2. Retrieving Stolen Assets

 

Most vehicles now have some form of GPS vehicle tracker installed by the manufacturer. These trackers allow vehicle owners to have the confidence that providing the tracker remains intact that they will see their prized possession again. Police routinely recover stolen vehicles using this technology. But, it goes beyond the vehicles. In haulage fleets some of the trailers have tracking devices, some cargo even has tracking devices fitted. Ever noticed a lorry at the hard shoulder with the curtains of the trailer drawn back to show an empty trailer? This is to prevent curtain slashing, where by opportunist robbers will cut open the curtains while a driver sleeps in his cab and rob the trailer of its contents. Cargo theft is big criminal business and van tracking systems and devices on high value cargos have all been used by law enforcement to recover goods.

 

3. Insurance

 

This is a twofold option. First insurers themselves retrieve as much data about vehicles and their usage as possible. This is then collated to form big insurance data. Entire systems format this information to generate risk assessments. The information is studied and analysed by actuaries who in turn form educated opinions of risk. Insurers then use that to price policies. It is not just crash information that is significant. Insurers want to know their safest demographic as well as their riskiest, this allows them to spread the risk over everyone’s premiums. It’s one of the reasons car/vehicle insurance doesn’t really tend to get that much cheaper over time.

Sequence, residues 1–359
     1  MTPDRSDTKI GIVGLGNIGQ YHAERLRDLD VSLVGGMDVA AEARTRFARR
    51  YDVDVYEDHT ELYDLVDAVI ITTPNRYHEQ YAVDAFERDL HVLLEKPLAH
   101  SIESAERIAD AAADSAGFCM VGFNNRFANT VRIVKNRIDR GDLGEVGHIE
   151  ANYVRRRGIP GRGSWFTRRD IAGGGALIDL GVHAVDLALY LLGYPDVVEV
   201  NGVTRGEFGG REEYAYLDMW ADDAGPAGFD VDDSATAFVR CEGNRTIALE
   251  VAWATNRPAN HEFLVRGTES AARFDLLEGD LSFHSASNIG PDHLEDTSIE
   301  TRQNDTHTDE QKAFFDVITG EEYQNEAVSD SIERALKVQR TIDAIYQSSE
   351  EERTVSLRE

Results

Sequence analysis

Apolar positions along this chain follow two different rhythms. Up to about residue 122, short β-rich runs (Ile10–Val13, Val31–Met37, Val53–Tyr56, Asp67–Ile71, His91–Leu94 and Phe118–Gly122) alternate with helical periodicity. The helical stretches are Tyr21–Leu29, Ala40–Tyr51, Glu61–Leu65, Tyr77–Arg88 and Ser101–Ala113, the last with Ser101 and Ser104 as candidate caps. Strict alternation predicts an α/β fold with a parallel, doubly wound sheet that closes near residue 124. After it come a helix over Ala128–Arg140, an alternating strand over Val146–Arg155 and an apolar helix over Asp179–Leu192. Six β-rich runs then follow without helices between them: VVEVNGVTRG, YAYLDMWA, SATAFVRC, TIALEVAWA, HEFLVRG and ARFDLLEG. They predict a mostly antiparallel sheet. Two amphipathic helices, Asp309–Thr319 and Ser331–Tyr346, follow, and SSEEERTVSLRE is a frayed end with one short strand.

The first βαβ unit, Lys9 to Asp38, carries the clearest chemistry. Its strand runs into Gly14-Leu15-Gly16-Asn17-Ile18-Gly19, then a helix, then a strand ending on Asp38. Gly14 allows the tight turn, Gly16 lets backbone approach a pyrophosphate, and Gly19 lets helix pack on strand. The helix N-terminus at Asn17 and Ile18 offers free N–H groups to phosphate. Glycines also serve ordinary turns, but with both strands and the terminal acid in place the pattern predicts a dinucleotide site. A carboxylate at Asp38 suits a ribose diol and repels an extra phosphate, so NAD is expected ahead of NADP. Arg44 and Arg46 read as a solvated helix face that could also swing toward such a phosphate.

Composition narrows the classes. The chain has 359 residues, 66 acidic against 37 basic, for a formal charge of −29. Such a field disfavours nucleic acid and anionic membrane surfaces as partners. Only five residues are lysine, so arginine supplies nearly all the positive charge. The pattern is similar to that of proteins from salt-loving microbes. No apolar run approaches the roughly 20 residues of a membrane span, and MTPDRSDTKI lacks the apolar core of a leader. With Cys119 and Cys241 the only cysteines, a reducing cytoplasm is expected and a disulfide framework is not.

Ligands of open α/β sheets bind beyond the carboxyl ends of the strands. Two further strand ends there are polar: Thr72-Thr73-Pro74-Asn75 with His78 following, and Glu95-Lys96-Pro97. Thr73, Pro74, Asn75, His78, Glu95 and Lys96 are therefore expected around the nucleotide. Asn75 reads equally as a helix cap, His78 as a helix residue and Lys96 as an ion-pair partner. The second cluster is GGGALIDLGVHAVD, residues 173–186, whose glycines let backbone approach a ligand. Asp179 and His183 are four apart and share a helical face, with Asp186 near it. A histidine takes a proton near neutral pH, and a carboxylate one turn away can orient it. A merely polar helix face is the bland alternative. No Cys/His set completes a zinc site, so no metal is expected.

Secondly, some high value cargo will not even be handed to a haulage company unless they have the correct insurance policy. Some cargos are so unique that insurers will insist on trackers. This is especially true of specialist underwritten policies from Lloyds of London and is often applied to sensitive cargo such as weapons/weapons systems.

 

4. Fuel Monitoring

 

Ask any transport manager, one of the things they are always griping about is having to continually fuel their lorries. Add drivers that syphon off diesel into the mix and it is no wonder that fuel is a big bugbear for hauliers the world over. Tracking a vehicle allows a transport manager to calculate the distance and speed the lorry has travelled. It will also be effective in giving an accurate MPG figure. It immediately alerts a transport manager to an issue with the vehicle or driver if they are getting 5mpg instead of the 10mpg they were expecting.

 

5. Fleet Monitoring

 

This is true of all types of fleet. From the mighty hauliers and their extensive fleets to small local taxi firms. Rental firms like Hertz even use vehicle tracking systems to ensure they know where their rentals are at all times.

 

This extends to more specialist responses and uses for GPS vehicle trackers, refrigerated units sometimes flag a vehicle if the temperatures are considered outside of the set parameters. Some trailers have trackers that give visual feedback as well as a location. Clients can actually watch their cargo in transit in some cases.

 

We hope you have found the information about vehicle GPS interesting and useful! If you are interested in a quote from the leading vehicle tracking providers fill out our quote form and we will be in touch.